One day's troubles suffice for our strength,
for we are small and weak
and wilt with the coming of night.
More than the span of a day
is beyond our power.
So take us, Lord, into Your Heart
and let us know the promise
of Your rest.

Monday, July 28, 2014

"I Ask With All My Heart: STOP! PLEASE!"
















When he gave his message yesterday after the Angelus, Pope Francis remembered that today is the 100th anniversary of the beginning of World War I. As he addressed the current conflicts in the world of the 21st century -- especially those in Ukraine, Iraq, and Israel/Palestine -- the Pope pleaded for us to remember the past and learn the lessons of history.

Those lessons pertain primarily to the devastation of war that can arise so quickly when human passions triumph over reason and love. The effort to resolve differences by what he calls "courageous dialogue" is a process that must be taken up again and again, and carried through with perseverance.

"May God give the people and their leaders the wisdom and strength to carry along the path of peace with determination, resolving all disagreements with the tenacity of dialogue.... I hope the mistakes of the past will not be repeated."
"Let us remember that all is lost when there is war but nothing is lost when there is peace. Brothers and sisters: no more war, no more war. I think above all of the children, whose hope of a respectable life and of a future are wrenched away from them; dead children, mutilated children, children who play with remnants of the war instead of toys. Please stop, I ask you this with all my heart, stop, please" (Pope Francis, Angelus, July 27, 2014).

"I ask you this with all my heart: STOP! PLEASE!"

Why is the Pope pleading for peace on this day?

World War I was the beginning of a terrible lesson for humanity regarding the monstrous destructive possibilities of technological power. The ever greater possession of such power today corresponds to an urgent responsibility for us to become peacemakers: as individuals and communities, peoples and political entities. Francis's passionate words -- "No more war! No more war!" -- merely echo the tremendous plea of Paul VI before the United Nations on October 4, 1965: "Jamais plus la guerre!" (War never again!)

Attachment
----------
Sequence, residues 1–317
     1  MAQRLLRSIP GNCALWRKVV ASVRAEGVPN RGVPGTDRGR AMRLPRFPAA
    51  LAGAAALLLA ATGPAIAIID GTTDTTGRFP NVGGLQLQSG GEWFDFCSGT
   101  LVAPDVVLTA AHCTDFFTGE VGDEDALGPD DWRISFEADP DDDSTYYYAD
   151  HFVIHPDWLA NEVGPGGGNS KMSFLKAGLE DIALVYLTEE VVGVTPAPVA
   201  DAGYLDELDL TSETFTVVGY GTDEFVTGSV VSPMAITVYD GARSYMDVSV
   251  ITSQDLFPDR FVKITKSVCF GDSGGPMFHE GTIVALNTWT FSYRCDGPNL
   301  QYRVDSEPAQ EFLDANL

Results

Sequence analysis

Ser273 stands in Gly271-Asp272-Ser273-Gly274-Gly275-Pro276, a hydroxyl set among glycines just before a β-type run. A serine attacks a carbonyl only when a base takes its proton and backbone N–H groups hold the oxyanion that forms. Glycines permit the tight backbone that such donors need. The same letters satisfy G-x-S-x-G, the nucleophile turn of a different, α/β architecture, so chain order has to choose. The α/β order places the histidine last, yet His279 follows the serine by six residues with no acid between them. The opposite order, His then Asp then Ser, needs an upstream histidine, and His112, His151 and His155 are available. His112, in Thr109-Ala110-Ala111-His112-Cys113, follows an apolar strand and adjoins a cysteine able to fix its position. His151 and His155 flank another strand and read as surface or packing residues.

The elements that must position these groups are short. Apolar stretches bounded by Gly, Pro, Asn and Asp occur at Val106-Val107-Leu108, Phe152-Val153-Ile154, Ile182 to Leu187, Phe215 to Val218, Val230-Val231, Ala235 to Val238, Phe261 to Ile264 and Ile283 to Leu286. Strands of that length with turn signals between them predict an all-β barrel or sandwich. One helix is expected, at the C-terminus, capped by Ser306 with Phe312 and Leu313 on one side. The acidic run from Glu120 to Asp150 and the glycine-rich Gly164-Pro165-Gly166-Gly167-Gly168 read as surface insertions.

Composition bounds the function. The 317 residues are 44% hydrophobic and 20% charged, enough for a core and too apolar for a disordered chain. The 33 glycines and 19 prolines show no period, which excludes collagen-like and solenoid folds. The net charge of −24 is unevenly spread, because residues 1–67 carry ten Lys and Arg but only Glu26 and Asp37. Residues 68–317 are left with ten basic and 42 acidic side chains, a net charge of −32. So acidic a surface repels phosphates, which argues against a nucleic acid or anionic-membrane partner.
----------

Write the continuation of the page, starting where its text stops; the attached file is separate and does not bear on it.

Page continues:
The Popes of recent times do not intend to establish pacifism as an absolute moral principle. We know that the Catechism (see, e.g., ##2302-2317) recognizes the justice of legitimate and proportionately restrained defense, and honors those who serve their countries and humanity -- those who stand ready to defend innocent, vulnerable people against violence and aggression. The Popes are not promoting an ideology of "pacifism." They are praying for something very concrete, a real peace based on the common effort for justice, solidarity, mutual understanding, restraint, and love.

In a world of globalized interdependence and unprecedented power, peace is imperative. Human beings must not look to war as a means of resolving conflicts or securing their own selfish interests. Too often, war has been "politics by other means." This has always been wrong, but the 20th century has taught us how horribly wrong it can be. We must be vigilant, because this horror begins within our own hearts, and today more than ever we possess the power to externalize our own violence in a way that brings catastrophe and unimaginable misery to whole peoples, and possibly the whole world. If we are to be peacemakers, we must grow in vigilance and responsibility.

But have we grown? Is the human race more vigilant and more responsible today than the people of a hundred years ago who initiated and cooperated in an explosive nightmare? No one wanted "the Great War" in 1914. It was pride and fear that sparked it, and stubbornness that kept it going after it had spiraled out of control beyond everyone's wildest imagination.

What happened a hundred years ago today? When we look at the events, we recognize a certain familiarity. We have these same kinds of struggles today, in different contexts. We have local tensions between peoples in specific places. We have great powers with complex interests, who want to control spheres of influence. We are afraid of one another. Have we learned anything?